Hi Hauke, You've been trapped in a subtlety of gael's BenchTimer: when you use a single BenchTimer object more than 1 time, it returns the best time. I'd propose to rename it to something more explicit, and letting the BenchTimer name refer to something much simpler. That is why, when I ran your program, I got twice the same time. Now I edited main.cpp as attached, and I get: vec: 893.094 ms lin: 6745.94 ms Cheers, Benoit 2010/1/24 Hauke Heibel <hauke.heibel@xxxxxxxxxxxxxx>: > I tried using sequential packet access. Unfortunately, it did not > help. Maybe I am still missing something. The required patch (indexed > packet access) is attached to this mail as well as my test code. > > - Hauke > > On Sat, Jan 23, 2010 at 4:03 PM, Benoit Jacob <jacob.benoit.1@xxxxxxxxx> wrote: >> 2010/1/23 Hauke Heibel <hauke.heibel@xxxxxxxxxxxxxx>: >>> Hi there, >>> >>> I am working on some functionality which would allow something like this: >>> >>> VectorXd a = VectorXd::linspace(low,high,num_steps) >>> >>> which should be corresponding to: >>> >>> const double step_size = (high-low)/(num_steps-1); >>> VectorXd a(num_steps); >>> for (int i=0; i<num_steps; ++i) >>> a(i) = low+i*step_size; >>> >>> In Eigen, this is best implemented based on NullaryExpressions, i.e. >>> Matrices, where each element can be computed based on some functor. >> >> I agree! >> >>> In >>> theory, this should not only be nice from a usability point of view >>> but I also hoped of gaining from vectorization. It tuns out, that this >>> is not that easy - it maybe due to MSVC but maybe also due to my lack >>> of SSE skills. For the most simple example >>> >>> for (int i=0; i<num_steps; ++i) a(i) = i; >>> >>> I managed to implement the functor's method ei_linspace_op::packetOp >>> such that we do actually gain from vectorization as (note that I added >>> integer parameters to it): >>> >>> // for doubles only >>> ei_linspace_op::packetOp(int i, int = 0) >>> { >>> return ei_padd(ei_pset1<Scalar>(i),ei_pset<Scalar>(0,1)); >>> } >>> >>> For me the first surprise was that this performs way better than just >>> returning ei_pset<Scalar>(i,i+1). >> >> Notice that reading from memory is costly, and ei_pset1 is costly >> because it needs a SHUFPD instruction, so naively I would think that >> the best that can happen is that you make once and for all a packet >> (0,1) and a packet (1,1) and at each step you only add the latter into >> the former. Perhaps your code is fast because it allowed the compiler >> to do that optimization? >> >>> Next, I looked into the case: >>> >>> for (int i=0; i<num_steps; ++i) a(i) = low+i >>> >>> and here, I totally failed. Returning >>> >>> return ei_pset<Scalar>(m_low+i,m_low+i+1); >>> >>> resulted in no statistically meaningful gain (~0.06%) speedup. The >>> same holds for >>> >>> return ei_padd(ei_pset1<Scalar>(i),ei_padd(ei_pset1(m_low),ei_pset<Scalar>(0,1))); >>> >>> which is even sometimes slower and permuting the operators did not help either. >>> >>> So, I am sort of puzzled about what I could improve. Any ideas? Any >>> SSE operation, I am not aware of for creating (a, a+1, a+2, ...) >> >> Same remark as above. I would initially store the packet (low,low+1) >> in a SSE register, store (1,1) into another SSE register, and only do >> a ei_padd at each iteration. Naively I would think that that is much >> faster? >> >>> Finally, note that ei_pset is not yet in PacketMath. Over here, I >>> added forward delarations into GenericPacketMath and the actual SSE >>> implementation in the corresponding PacketMath header (no Altivec >>> yet). They GenericPacketMath declarations (as the name says) have no >>> implementations since I don't see any meaningful way of providing them >>> nor do I think they are useful. >> >> Indeed I think they're only used in the matrix product code, which >> doesn't use your new ei_pset function. >> >>> The second change in the lib was >>> mentioned above - I added indices to the packetOp functions. >> >> Oh right, you need to fit your stuff with our packetOp infrastructure. >> Hm, not easy indeed, as I was assuming sequential, not random access. >> >>> >>> If everything regarding the vectorization fails, we could still >>> provide the functionality (with a specialization for the trivial case >>> where we gain from vectorizing) because at least, I think it is nifty. >> >> We might fail to vectorize random access efficiently. But 95% of use >> cases will be sequential access. This could then be a use case for a >> ReturnByValue function. When nesting this into a larger expression, >> this would have the drawback of introducing a temporary, and the >> advantage of enabling full vectorization instead of preventing >> vectorization of the larger expression. >> >> Benoit >> >> >> >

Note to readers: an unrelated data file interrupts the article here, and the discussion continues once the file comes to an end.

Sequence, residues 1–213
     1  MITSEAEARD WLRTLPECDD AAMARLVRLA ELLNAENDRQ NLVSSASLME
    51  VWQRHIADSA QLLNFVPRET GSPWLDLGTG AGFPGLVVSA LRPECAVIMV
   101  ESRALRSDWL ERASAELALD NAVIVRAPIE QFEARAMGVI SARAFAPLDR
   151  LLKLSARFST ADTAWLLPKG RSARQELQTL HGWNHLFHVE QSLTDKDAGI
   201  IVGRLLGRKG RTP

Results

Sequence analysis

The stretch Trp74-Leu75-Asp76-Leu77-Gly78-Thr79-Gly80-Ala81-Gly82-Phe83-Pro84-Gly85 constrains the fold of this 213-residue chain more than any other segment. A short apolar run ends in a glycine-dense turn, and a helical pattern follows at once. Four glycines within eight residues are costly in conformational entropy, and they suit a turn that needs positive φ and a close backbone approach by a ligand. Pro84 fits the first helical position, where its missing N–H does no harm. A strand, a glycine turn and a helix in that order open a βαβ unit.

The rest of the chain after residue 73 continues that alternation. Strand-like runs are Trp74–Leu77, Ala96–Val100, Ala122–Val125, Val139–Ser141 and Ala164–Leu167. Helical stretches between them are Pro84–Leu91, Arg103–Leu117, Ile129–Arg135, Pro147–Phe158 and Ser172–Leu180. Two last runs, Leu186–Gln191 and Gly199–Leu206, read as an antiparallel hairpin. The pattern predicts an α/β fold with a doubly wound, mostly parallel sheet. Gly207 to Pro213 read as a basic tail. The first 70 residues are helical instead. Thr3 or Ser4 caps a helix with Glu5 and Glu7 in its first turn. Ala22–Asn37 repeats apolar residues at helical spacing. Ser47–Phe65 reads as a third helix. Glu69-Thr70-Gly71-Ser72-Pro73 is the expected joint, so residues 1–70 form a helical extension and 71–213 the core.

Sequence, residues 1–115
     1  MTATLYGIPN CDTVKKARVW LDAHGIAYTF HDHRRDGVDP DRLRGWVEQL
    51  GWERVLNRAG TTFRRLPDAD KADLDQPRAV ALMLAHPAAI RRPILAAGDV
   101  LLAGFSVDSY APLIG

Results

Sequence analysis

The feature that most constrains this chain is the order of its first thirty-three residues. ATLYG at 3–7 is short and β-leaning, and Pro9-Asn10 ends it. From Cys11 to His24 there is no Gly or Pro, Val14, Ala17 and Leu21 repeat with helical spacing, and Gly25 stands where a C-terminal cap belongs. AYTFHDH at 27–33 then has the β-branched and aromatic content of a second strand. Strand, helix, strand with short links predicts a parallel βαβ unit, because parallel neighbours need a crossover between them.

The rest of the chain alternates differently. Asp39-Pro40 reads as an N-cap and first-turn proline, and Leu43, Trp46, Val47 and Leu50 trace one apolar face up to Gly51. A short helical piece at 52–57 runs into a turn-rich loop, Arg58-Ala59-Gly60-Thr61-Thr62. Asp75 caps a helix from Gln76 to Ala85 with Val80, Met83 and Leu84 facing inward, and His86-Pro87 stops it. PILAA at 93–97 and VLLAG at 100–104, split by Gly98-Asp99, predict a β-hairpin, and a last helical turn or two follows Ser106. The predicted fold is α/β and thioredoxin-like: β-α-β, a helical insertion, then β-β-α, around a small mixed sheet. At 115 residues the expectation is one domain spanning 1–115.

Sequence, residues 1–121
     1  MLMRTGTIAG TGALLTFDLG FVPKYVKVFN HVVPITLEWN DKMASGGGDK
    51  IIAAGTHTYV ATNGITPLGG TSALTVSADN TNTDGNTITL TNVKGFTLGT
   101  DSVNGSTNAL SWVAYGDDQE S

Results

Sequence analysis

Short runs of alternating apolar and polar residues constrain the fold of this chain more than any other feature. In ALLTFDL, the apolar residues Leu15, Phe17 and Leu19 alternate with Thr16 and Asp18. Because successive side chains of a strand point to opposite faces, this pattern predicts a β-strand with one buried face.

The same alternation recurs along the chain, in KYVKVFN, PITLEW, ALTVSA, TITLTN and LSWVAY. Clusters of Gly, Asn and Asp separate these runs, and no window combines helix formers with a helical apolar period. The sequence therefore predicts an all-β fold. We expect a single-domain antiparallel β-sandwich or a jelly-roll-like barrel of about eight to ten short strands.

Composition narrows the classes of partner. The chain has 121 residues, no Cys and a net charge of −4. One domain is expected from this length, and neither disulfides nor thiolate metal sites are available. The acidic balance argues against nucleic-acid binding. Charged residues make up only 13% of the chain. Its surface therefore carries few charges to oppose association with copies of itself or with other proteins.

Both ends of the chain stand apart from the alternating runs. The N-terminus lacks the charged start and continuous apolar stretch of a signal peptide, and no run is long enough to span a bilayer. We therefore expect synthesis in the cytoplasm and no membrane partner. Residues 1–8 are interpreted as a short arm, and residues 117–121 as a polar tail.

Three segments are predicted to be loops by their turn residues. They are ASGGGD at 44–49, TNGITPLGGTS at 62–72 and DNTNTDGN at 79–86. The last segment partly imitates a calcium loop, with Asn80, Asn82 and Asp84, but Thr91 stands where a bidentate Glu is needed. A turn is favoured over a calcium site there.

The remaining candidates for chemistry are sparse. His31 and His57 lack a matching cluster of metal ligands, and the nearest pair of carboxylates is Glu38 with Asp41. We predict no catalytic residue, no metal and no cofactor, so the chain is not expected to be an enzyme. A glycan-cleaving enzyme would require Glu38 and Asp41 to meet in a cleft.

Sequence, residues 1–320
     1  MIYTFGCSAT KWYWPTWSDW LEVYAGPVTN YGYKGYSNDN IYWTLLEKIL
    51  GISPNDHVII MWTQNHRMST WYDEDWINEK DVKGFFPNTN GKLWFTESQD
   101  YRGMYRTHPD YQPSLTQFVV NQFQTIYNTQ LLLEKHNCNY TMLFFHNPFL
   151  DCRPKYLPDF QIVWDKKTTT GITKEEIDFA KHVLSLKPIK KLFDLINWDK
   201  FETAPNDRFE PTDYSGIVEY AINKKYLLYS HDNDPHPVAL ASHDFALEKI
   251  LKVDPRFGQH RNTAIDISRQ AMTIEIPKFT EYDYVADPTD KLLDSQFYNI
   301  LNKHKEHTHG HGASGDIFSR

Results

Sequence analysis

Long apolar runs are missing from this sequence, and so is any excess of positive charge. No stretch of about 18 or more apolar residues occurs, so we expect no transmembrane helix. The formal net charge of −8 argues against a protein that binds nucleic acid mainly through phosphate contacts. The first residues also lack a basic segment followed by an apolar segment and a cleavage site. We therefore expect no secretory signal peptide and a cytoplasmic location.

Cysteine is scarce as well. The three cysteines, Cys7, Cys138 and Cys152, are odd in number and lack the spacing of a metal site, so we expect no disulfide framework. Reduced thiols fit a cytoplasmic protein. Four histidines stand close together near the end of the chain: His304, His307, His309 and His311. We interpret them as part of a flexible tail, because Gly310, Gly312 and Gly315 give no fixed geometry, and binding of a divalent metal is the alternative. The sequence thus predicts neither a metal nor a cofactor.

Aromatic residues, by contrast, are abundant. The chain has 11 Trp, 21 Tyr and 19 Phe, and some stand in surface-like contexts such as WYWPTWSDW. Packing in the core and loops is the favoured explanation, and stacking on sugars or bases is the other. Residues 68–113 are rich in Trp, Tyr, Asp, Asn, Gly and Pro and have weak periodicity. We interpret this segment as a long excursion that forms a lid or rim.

#include <Eigen/Dense> #include <bench/BenchTimer.h> using namespace Eigen; template <typename Scalar, bool RandomAccess> struct ei_linspace_op_impl; // double, sequential template <> struct ei_linspace_op_impl<double,false> { typedef ei_packet_traits<double>::type PacketScalar; ei_linspace_op_impl(double low, double step) : m_base(ei_pset(low-2*step,low-step)), m_step(ei_pset1(2*step)) {} EIGEN_STRONG_INLINE const PacketScalar packetOp() const { return m_base = ei_padd(m_base,m_step); } mutable PacketScalar m_base; PacketScalar m_step; }; // ----- Linspace functor ---------------------------------------------------------------- // Forward declaration template <typename Scalar, bool RandomAccess = true> struct ei_linspace_op; namespace Eigen{ // Functor traits template <typename Scalar, bool RandomAccess> struct ei_functor_traits< ei_linspace_op<Scalar,RandomAccess> > { enum { Cost = 1, PacketAccess = ei_packet_traits<Scalar>::size>1, IsRepeatable = true }; }; } // Functor interface template <typename Scalar, bool RandomAccess> struct ei_linspace_op { typedef typename ei_packet_traits<Scalar>::type PacketScalar; ei_linspace_op(Scalar low, Scalar high, int num_steps) : impl(low,(high-low)/(num_steps-1)), m_low(low), m_step((high-low)/(num_steps-1)) {} EIGEN_STRONG_INLINE const Scalar operator() (int i, int = 0) const { return m_low+i*m_step; } EIGEN_STRONG_INLINE const PacketScalar packetOp(int, int = 0) const { return impl.packetOp(); } ei_linspace_op_impl<Scalar,RandomAccess> impl; Scalar m_low; Scalar m_step; }; int main() { { BenchTimer t1,t2; double e1,e2; double low = 5.0; double high = 7.0; const int size = 200000; double step = (high-low)/(size-1); t1.start(); { ArrayXd test; for (int i=0; i<5000; ++i) test = ArrayXd::NullaryExpr(size, ei_linspace_op<double,false>(low,high,size)); } t1.stop(); e1 = t1.value(); t2.start(); { ArrayXd test(size); for (int i=0; i<5000; ++i) for (int i=0; i<size; ++i) test(i) = low+i*step; } t2.stop(); e2 = t2.value(); std::cout << "vec: " << e1*1000.0 << " ms" << std::endl; std::cout << "lin: " << e2*1000.0 << " ms" << std::endl; } }